NFL commissioner Roger Goodell was a little busy last week as he prepared to explain to an appeals judge his finger-in-the-wind decision process regarding the suspension and re-suspension of Baltimore running back Ray Rice.
Even so, Goodell must have noticed that one of the league's owners, Washington's Daniel Snyder, was suing five Native Americans for the crime of being upset about the "Redskins" team nickname. If he wins the suit, maybe Snyder can take their land and force them to live in a fenced-in section of the FedEx Field parking lot. Not much of a view, but, hey, no income tax.
The five activists, perhaps to their own surprise, won a ruling earlier this year from the U.S. Patent and Trademark Office that canceled six of the team's trademarks that used the word "Redskins," with the ruling board stating it did so because the word was "disparaging to Native Americans."
Snyder can ignore petitions from Congress. He can ignore public opinion polls. He can, and has, ignored just about everything regarding objections to the team's nickname. But one thing Snyder can't ignore is a ruling that would make it possible for anyone to legally print and sell a sweatshirt that says "Washington Redskins." Without the trademarks, the team stands to lose millions in merchandise sales and that would be the final whistle on Snyder's pledge to keep the name.
So, the team is appealing the ruling. It could have gone a direct route and appealed to the Patent Office's Trademark Trial and Appeal Board, but Snyder's lawyers chose to take the case to U.S. District Court in Virginia instead. Judge Gerald Lee accepted the case, ignoring the objections of the five defendants that his was the wrong jurisdiction, and Lee's written decision is expected in a few weeks.
Unless the team's lawyers misread the legal landscape, which isn't likely, Lee's decision will overturn the patent office ruling and Snyder will reclaim his trademark rights and can happily continue making Redskins hats and shirts and moccasins and whatever else strikes his fancy.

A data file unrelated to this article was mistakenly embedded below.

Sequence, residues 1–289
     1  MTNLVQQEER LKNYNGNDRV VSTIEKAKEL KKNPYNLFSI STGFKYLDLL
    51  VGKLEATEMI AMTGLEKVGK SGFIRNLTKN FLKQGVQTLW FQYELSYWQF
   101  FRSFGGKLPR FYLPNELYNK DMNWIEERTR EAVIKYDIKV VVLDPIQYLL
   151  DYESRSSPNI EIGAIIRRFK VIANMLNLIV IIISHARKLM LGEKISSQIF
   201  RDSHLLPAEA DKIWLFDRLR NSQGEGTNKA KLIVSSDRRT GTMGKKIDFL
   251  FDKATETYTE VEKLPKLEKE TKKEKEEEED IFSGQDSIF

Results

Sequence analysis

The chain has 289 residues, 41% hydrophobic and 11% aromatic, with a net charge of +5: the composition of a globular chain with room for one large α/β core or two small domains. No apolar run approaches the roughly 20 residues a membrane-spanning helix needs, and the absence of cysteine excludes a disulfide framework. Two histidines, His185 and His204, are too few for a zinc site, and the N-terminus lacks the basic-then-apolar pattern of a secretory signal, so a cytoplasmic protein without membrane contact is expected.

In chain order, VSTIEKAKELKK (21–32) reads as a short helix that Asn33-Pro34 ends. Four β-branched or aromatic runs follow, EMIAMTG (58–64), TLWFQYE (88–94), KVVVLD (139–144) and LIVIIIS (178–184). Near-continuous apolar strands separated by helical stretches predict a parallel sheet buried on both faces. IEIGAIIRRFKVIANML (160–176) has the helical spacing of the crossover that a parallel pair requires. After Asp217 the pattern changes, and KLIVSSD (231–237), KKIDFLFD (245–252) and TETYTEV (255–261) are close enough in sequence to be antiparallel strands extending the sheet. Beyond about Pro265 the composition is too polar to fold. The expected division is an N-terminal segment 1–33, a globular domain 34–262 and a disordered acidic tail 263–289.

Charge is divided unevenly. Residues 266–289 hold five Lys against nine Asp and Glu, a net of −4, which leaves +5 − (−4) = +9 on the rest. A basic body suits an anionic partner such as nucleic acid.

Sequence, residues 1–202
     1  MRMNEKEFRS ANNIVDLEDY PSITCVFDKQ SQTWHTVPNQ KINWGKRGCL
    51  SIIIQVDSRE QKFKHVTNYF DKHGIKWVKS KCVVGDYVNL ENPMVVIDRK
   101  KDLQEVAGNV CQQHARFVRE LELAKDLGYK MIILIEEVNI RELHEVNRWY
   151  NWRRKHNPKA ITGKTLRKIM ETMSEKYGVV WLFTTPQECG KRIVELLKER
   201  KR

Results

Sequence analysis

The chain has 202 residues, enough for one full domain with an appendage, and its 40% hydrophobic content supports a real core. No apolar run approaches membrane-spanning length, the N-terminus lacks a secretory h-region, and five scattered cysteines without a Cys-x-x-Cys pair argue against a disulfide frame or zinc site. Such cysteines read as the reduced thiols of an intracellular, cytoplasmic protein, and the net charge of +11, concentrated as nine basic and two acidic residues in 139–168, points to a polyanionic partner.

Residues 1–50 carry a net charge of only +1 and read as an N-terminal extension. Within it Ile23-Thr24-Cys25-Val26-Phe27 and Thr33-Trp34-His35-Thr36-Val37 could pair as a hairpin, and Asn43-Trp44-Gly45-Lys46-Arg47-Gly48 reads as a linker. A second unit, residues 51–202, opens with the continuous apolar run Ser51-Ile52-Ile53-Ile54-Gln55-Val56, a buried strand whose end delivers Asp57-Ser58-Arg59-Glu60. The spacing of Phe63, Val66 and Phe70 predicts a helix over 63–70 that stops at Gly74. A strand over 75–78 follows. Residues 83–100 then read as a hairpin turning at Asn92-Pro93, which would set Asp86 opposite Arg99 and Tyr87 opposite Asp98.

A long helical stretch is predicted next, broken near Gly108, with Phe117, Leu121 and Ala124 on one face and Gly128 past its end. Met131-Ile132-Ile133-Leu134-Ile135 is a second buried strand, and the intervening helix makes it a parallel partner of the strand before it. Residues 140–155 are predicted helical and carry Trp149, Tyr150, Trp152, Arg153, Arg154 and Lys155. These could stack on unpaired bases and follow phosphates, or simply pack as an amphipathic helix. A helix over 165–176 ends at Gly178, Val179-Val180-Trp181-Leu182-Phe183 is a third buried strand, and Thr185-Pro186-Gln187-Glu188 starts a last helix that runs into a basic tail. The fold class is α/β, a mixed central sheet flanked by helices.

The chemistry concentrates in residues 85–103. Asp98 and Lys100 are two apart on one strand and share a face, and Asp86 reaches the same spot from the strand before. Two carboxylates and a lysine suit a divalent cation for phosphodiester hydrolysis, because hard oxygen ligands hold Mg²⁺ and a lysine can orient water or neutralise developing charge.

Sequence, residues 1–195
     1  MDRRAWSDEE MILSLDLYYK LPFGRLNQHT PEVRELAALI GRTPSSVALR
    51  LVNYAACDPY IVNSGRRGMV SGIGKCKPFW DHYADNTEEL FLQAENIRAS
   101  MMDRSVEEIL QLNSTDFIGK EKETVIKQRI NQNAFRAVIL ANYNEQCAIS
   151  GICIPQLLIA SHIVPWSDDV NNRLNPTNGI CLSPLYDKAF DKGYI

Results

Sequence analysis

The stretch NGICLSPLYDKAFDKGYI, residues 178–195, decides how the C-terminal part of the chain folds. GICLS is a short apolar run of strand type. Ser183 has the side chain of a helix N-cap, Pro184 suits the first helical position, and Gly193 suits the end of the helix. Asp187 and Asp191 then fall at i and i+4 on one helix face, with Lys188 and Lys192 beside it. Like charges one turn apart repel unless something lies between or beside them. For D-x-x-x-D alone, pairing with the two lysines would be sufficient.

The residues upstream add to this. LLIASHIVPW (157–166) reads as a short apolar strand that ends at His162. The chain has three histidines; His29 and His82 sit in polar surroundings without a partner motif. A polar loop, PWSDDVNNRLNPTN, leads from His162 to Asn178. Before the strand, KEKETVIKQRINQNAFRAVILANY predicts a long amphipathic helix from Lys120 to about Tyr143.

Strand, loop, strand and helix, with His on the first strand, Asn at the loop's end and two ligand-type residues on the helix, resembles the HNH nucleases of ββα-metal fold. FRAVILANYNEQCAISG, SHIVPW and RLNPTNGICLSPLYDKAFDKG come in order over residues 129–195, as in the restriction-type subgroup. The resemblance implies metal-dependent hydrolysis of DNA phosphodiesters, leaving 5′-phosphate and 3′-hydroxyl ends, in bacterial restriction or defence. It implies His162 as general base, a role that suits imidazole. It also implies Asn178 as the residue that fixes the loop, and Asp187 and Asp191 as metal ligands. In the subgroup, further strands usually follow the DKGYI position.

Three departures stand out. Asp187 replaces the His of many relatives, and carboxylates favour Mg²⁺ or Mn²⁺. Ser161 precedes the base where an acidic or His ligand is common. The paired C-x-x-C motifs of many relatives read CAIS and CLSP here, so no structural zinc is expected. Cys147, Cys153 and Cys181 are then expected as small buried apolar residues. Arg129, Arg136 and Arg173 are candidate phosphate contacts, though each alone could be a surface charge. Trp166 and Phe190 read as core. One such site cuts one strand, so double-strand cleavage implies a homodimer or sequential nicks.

As noted before, Goodell has other problems, such as keeping his job, and alienating owners is not at the top of his to-do list at the moment. But it is worth wondering, now that the NFL has developed such a strong social consciousness, when the league will take a moral stand on the issue of having a racial slur as a team nickname.
Last year, Goodell answered a petition signed by 10 members of Congress by stating that the Redskins name is a "unifying force that stands for strength, courage, pride, and respect." Well, that was some peace pipe he was smoking, but he was also operating from his own position of strength at the time. Things have changed for the league and for Goodell, and he can hardly hold the NFL to the highest standards on some social issues while accepting the lowest standards on others.
It doesn't matter if Snyder is able to find Native Americans willing to sit in the owner's box with him at games. It doesn't matter if various segments of the Native American population, for whatever reason, say they have no problem with the nickname. That isn't the test. The test is what is right and what is wrong, and in 2014, "Redskins" is wrong.
Snyder called the name a "badge of honor" in a letter to fans last year, but he might have to rethink that the same way Goodell rethought the two-game suspension he hoped would paper over Rice's elevator knockout of his then-fiancee.
Goodell changed his mind not when the nature of the offense worsened, but when a video of it surfaced that suddenly made his laughably light suspension bad for business. Sponsors were preparing to bail out on the NFL. Protesters were showing up at games. It was time for the NFL to get religion on the issue of domestic violence or lose money, so that's exactly what Goodell did. In this world, money equals motivation.
The Redskins will change their nickname only when the same economic forces are in play. The people who run the league are neither inherently good nor bad, but they are business people. If it's good for business, then it's good. If it's bad for business, then it's bad. All four points on the moral compass are marked with dollar signs.
If somehow the ruling that stripped the team of its trademark protection is ultimately upheld - and Snyder is prepared to drag this all the way to the Supreme Court, if necessary - then the "badge of honor," the "unifying force that stands for strength, courage, pride, and respect," would be tossed into a trash can the very next day.
That won't happen. The lawyers will win and the only thing that could alter the outcome would be a sudden change of heart by the league. It would take the commissioner standing up for something other than commerce. Don't hold your breath on that one. There isn't any video this time.